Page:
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Leukemia. 2012 Feb;26(2):296-302. doi: 10.1038/leu.2011.180. Epub 2011 Aug 16.

KIR2DS1 genotype predicts for complete cytogenetic response and survival in newly diagnosed chronic myeloid leukemia patients treated with imatinib.

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Department of Hematology, Imperial College London, London, UK.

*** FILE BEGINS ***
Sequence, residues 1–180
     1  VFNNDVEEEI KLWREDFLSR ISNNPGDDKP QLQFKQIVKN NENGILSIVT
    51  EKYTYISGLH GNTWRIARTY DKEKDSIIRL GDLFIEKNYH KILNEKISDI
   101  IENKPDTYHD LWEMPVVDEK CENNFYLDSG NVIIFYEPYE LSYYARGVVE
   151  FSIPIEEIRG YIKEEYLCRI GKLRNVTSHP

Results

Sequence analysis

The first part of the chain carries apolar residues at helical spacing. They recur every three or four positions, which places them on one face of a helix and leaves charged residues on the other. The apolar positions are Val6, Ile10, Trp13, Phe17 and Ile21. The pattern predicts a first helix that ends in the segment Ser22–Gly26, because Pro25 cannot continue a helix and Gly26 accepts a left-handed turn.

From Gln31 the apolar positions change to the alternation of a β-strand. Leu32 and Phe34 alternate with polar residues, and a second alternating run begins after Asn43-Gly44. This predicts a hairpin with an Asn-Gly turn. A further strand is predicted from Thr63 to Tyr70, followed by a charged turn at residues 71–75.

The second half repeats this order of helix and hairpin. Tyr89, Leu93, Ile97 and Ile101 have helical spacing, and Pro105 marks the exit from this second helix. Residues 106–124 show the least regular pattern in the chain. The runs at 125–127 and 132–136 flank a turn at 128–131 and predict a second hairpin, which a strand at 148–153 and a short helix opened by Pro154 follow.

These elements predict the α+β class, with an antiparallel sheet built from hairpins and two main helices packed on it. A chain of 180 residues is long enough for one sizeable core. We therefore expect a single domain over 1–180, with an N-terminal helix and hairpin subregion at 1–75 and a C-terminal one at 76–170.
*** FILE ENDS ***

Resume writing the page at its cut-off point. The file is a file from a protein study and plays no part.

Natural killer (NK) cells are expanded in chronic myeloid leukemia (CML) patients on tyrosine kinase inhibitors (TKI) and exert cytotoxicity. The inherited repertoire of killer immunoglobulin-like receptors (KIR) may influence response to TKI. We investigated the impact of KIR-genotype on outcome in 166 chronic phase CML patients on first-line imatinib treatment. We validated our findings in an independent patient group. On multivariate analysis, KIR2DS1 genotype (RR=1.51, P=0.03) and Sokal risk score (low-risk RR=1, intermediate-risk RR=1.53, P=0.04, high-risk RR=1.69, P=0.034) were the only independent predictors for failure to achieve complete cytogenetic response (CCyR). Furthermore, KIR2DS1 was the only factor predicting shorter progression-free (PFS) (RR=3.1, P=0.03) and overall survival (OS) (RR=2.6, P=0.04). The association between KIR2DS1 and CCyR, PFS and OS was validated by KIR genotyping in 174 CML patients on first-line imatinib in the UK multi-center SPIRIT-1 trial; in this cohort, KIR2DS1(+) patients had significantly lower 2-year probabilities of achieving CCyR (76.9 vs 87.9%, P=0.003), PFS (85.3 vs 98.1%, P=0.007) and OS (94.4 vs 100%, P=0.015) than KIR2DS1(-) patients. The impact of KIR2DS1 on CCyR was greatest when the ligand for the corresponding inhibitory receptor, KIR2DL1, was absent (P=0.00006). Our data suggest a novel role for KIR-HLA immunogenetics in CML patients on TKI.

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